Under an agreement reached between the Liberal Democratic Party (LDP), its coalition partner and the opposition DPJ, the Rules and Administration Committees of each house will hold separate hearings much the same way as the US Congress holds hearings for the Governor of the Federal Reserve Board. Then the bodies will have a straight up or down vote.
But unlike Congress, these hearings will be closed to the press and public. A transcript of the hearings can be made public only after the nominee is confirmed and has taken his post.
Prime Minister Yasuo Fukuda is expected to formally nominate BOJ Deputy Governor Toshiro Muto to become the next governor sometime before the end of February. Almost everyone agrees that Muto is eminently qualified for the position. A former vice finance minister, he is said to be an expert in all aspects of fiscal, tax and monetary policy. He is also said to be close to Fukuda.
The only real objection to Muto comes from the fact that he served as the top civil servant in the finance ministry before becoming deputy governor. One of the major themes of “reform” in Japanese politics has been an effort to end the revolving door of senior bureaucrats moving seamlessly into government positions and vice versus.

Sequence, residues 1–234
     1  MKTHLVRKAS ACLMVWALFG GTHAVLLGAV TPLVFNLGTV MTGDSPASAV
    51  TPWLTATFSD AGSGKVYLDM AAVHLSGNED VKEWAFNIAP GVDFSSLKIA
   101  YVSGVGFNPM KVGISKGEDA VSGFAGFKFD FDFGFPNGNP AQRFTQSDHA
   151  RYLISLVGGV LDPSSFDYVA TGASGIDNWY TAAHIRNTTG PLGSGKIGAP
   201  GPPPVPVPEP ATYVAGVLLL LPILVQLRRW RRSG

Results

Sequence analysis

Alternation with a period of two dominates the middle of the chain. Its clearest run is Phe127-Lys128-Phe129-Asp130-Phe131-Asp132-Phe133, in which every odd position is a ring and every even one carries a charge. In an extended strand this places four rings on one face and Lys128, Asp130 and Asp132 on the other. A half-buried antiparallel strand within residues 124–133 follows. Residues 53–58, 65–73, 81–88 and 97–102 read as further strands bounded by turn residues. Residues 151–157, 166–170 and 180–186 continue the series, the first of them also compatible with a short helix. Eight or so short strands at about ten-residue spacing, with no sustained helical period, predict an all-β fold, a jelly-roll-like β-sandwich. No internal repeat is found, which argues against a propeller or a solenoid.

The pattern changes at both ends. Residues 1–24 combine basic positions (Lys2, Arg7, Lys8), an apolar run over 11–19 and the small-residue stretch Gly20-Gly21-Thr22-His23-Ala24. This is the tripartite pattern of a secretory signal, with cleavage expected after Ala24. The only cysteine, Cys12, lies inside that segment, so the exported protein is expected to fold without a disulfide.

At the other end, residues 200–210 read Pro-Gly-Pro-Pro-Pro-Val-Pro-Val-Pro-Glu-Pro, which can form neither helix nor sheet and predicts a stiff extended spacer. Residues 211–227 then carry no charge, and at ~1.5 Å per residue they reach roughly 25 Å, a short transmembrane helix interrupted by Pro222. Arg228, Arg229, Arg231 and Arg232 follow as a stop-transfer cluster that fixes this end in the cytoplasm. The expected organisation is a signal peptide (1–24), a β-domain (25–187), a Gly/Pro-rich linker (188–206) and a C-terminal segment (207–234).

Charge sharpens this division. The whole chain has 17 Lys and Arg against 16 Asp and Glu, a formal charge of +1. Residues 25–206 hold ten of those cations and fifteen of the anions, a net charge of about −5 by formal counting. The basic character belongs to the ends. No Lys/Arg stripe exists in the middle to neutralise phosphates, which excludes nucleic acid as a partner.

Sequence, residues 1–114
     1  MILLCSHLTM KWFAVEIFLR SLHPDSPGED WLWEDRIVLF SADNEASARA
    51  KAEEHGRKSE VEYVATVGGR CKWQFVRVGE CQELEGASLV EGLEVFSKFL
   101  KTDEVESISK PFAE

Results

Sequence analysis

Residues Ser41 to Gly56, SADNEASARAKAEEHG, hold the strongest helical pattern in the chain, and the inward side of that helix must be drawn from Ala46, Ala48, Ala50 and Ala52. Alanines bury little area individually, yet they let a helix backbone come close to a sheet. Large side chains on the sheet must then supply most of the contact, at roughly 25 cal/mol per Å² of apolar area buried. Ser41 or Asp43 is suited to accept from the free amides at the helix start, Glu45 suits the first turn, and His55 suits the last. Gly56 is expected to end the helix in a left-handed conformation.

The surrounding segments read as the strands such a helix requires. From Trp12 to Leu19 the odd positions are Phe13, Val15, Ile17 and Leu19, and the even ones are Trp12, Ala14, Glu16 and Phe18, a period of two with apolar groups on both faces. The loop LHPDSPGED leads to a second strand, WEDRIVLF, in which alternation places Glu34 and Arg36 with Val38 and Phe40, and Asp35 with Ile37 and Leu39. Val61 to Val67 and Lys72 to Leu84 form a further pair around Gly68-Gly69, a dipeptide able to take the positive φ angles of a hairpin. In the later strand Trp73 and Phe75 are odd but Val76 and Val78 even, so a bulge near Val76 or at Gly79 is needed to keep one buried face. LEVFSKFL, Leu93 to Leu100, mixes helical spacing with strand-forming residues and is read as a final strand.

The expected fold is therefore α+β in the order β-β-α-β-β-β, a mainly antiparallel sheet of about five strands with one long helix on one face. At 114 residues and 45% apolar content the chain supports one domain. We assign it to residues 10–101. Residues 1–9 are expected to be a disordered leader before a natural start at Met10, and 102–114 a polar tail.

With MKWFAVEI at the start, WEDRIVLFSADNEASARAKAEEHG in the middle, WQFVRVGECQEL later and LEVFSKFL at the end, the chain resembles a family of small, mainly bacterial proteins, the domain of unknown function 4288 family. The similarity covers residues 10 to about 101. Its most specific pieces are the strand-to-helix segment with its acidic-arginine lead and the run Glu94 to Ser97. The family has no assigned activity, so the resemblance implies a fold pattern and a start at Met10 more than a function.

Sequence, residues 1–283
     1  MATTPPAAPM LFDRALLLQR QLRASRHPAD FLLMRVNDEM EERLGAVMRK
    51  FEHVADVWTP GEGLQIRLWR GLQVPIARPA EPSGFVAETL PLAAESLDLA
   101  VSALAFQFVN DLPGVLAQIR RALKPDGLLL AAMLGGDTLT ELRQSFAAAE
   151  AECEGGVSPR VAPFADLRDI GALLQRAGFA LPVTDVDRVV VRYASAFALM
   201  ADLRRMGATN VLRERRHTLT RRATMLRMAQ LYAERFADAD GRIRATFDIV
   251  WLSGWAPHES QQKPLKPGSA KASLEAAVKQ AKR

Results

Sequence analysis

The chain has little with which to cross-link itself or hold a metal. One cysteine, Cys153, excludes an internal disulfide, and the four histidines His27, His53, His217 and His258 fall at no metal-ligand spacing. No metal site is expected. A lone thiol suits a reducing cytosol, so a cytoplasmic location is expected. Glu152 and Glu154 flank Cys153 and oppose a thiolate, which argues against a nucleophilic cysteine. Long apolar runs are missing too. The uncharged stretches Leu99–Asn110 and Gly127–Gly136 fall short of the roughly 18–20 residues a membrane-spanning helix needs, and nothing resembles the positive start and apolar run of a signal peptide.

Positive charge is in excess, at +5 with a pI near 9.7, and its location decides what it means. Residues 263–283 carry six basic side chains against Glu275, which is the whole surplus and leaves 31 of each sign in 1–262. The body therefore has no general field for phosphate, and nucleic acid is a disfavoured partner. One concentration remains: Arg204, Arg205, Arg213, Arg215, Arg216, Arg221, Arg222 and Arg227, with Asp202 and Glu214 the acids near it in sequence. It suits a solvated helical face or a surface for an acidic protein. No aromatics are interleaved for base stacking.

In the past, the finance ministry and the BOJ bureaucracy have taken turns providing gubernatorial nominee, and Muto’s appointment would perpetuate this pattern. But with vacancies in the top three posts looming, it is probably too late to consider appointing some figure from the private sector. The DJP has not put forth its own candidate.
Opposition leader Ichiro Ozawa himself has stated that “Our policy is that bureaucrats should not parachute into other ministries and institutions.”
Some DPJ members actively oppose Muto’s appointment on these grounds. One is Yoshihito Sengoku, a former member of the socialist party who presumably has opposition to anything the LDP stands for in his blood. As he happens to chair the party subcommittee that vets appointment subject to Diet approval, he has the potential to clog things up, if he has a mind.